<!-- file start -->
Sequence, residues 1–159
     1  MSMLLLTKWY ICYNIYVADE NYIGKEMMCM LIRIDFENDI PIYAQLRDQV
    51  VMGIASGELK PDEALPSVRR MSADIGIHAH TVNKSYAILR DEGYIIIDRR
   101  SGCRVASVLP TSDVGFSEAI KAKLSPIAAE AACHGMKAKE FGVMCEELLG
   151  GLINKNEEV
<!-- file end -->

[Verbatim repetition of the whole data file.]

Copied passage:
Sequence, residues 1–159
     1  MSMLLLTKWY ICYNIYVADE NYIGKEMMCM LIRIDFENDI PIYAQLRDQV
    51  VMGIASGELK PDEALPSVRR MSADIGIHAH TVNKSYAILR DEGYIIIDRR
   101  SGCRVASVLP TSDVGFSEAI KAKLSPIAAE AACHGMKAKE FGVMCEELLG
   151  GLINKNEEV